- Most homeowners insurance won’t cover mold that arises from humidity, wear and tear, and neglect.
- Your insurer may accept a mold claim if the underlying cause is specifically covered by your policy.
- Homeowners insurance does not normally cover damages relating to flood, including mold.
- How do I know if my homeowners insurance covers mold?
- What does mold removal cost?
- What happens when I file a mold claim?
Spoiler alert: mold grows on more than bread and cheese. If you have a water leak or live in a humid climate, you might also see mold growing on the walls of your home. And unfortunately, that’s a problem you may have to pay out-of-pocket to fix. While there are exceptions, most homeowners policies don’t pay to remove mold that is caused by general dampness, old leaks, or normal wear and tear. Usually, your homeowners insurance will only fund mold removal when the mold was caused by an incident that’s specifically covered in your policy.
To break that down more, your insurer needs to know the cause of the mold before it can make a decision on the claim. If the cause is persistent moisture in your basement, a leaky faucet you never fixed, or faulty work done by a contractor, your insurer won’t pay for the repairs. On the other hand, if the mold arose from an accident that your policy covers, the insurer is more likely to accept the claim.
Covered perils, and why they matter
Accidents covered by a homeowners policy are known as “covered perils.” You should know about perils because they determine the success of any homeowners claim you file, mold-related or otherwise. If you have damages you can prove are caused by a covered peril, your insurer is normally obligated to accept that claim. Damages caused by something other than a covered peril are usually your responsibility to repair.
Common covered perils are fire and smoke, lightning, windstorms, hail, falling objects (like trees), theft, and water damage caused by burst pipes.
Once you realize you have a mold problem, pull out your homeowners policy and review your covered perils. Pay close attention to the language. Your policy might name the perils that are covered, such as fire or theft. In that case, you will get help on your mold problem if it was caused by one of those perils. But other policies define only the perils that are excluded from coverage. That means your mold problem is covered if the underlying cause is not listed. Confusing, right? Here’s a recap:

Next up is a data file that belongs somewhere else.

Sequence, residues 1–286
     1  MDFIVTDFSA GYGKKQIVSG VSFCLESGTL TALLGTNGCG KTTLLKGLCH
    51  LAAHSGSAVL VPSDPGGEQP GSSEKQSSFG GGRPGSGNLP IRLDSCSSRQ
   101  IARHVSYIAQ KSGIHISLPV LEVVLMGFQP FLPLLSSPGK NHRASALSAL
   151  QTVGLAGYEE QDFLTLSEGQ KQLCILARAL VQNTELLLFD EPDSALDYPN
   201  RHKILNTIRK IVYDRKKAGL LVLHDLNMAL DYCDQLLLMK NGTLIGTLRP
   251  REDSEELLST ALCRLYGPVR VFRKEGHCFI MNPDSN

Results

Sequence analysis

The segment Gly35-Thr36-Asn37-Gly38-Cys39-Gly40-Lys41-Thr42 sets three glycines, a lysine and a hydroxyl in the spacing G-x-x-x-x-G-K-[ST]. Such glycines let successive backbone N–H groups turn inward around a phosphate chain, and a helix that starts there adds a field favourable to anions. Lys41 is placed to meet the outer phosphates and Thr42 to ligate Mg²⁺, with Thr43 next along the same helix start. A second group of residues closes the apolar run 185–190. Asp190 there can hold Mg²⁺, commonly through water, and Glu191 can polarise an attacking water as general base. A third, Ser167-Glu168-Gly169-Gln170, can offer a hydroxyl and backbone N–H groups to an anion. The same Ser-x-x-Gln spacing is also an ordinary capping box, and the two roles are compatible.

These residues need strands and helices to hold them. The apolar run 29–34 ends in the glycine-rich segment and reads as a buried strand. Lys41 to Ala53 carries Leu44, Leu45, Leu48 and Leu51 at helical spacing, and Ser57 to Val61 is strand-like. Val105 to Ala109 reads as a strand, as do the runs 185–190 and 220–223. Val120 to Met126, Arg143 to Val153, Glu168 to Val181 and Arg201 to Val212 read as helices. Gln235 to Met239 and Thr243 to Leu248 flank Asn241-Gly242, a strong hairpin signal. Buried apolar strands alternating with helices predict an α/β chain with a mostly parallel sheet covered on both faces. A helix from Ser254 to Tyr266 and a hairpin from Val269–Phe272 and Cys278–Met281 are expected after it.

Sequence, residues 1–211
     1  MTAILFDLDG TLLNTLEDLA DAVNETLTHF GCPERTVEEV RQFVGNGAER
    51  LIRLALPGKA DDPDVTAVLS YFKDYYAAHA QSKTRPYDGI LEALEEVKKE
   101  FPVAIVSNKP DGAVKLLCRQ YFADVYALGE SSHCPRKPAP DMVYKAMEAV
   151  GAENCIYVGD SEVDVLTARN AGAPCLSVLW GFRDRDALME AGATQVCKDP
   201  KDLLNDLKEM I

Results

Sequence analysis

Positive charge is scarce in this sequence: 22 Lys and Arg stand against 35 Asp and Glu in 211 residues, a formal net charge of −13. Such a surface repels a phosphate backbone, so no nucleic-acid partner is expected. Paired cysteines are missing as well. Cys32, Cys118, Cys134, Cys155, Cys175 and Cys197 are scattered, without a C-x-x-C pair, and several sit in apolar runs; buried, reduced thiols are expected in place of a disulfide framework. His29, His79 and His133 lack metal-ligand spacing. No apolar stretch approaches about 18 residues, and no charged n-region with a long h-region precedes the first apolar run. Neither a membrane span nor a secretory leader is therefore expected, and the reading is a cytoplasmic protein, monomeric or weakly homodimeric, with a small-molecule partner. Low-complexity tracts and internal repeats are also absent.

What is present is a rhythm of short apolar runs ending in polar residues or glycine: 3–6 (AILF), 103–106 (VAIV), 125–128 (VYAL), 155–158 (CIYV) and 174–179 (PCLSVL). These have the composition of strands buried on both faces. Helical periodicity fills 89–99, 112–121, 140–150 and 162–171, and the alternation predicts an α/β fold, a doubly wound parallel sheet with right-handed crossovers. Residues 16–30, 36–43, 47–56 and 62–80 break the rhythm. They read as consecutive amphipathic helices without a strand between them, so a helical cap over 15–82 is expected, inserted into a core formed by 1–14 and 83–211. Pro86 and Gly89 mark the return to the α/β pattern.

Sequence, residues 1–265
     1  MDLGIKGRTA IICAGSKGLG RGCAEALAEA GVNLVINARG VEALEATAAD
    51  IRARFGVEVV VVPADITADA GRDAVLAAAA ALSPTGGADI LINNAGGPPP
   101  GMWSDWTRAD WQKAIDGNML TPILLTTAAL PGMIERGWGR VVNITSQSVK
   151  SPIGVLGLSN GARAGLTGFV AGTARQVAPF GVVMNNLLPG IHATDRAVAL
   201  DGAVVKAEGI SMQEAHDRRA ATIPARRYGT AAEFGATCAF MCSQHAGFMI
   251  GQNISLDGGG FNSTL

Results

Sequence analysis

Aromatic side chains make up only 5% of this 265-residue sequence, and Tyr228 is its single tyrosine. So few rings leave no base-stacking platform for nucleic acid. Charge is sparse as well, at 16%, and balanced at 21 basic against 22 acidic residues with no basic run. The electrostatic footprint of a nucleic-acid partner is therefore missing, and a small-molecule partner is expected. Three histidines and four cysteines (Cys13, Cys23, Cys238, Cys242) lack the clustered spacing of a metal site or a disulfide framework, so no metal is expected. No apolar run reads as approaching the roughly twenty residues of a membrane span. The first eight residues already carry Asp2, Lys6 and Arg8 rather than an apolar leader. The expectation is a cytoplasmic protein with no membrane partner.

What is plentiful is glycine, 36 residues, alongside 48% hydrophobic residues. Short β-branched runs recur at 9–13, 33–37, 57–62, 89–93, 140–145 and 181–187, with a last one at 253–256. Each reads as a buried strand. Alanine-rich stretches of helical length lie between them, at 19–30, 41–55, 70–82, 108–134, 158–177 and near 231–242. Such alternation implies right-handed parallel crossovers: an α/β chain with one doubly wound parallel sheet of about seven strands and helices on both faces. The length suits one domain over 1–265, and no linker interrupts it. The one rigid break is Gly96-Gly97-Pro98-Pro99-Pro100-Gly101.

- A named perils policy lists perils that are covered. If you see fire or theft listed, you probably have a named perils policy. Your mold should be covered if the cause is listed as a covered peril.
- An open perils policy defines perils that are excluded from coverage. On these policies, you’ll normally see flood and earthquakes listed as exclusions. Your mold should be covered if the cause is not identified as one of your policy exclusions.
When, specifically, is mold not covered by homeowners insurance?
As noted above, you have to read your insurance policy to understand whether your homeowners insurance will cover your mold claim. As a rule of thumb, your insurer probably won’t pay for mold that results from negligence, flooding, or humidity.
Insurance companies don’t pay for damages that result from negligence. So, if you had a chance to fix whatever caused your mold problem, but chose not to, your insurer will likely deny your claim. You’ll also be denied if the mold was caused by a contractor. This is true even if it seems like a covered peril is in play. For example, your contractor may have failed to protect an area of your home during a hailstorm. If moisture damage and mold result, your insurer may deny the claim — even if hail damage is normally covered. The same could happen if your contractor’s faulty work results in a burst pipe that leads to mold damage.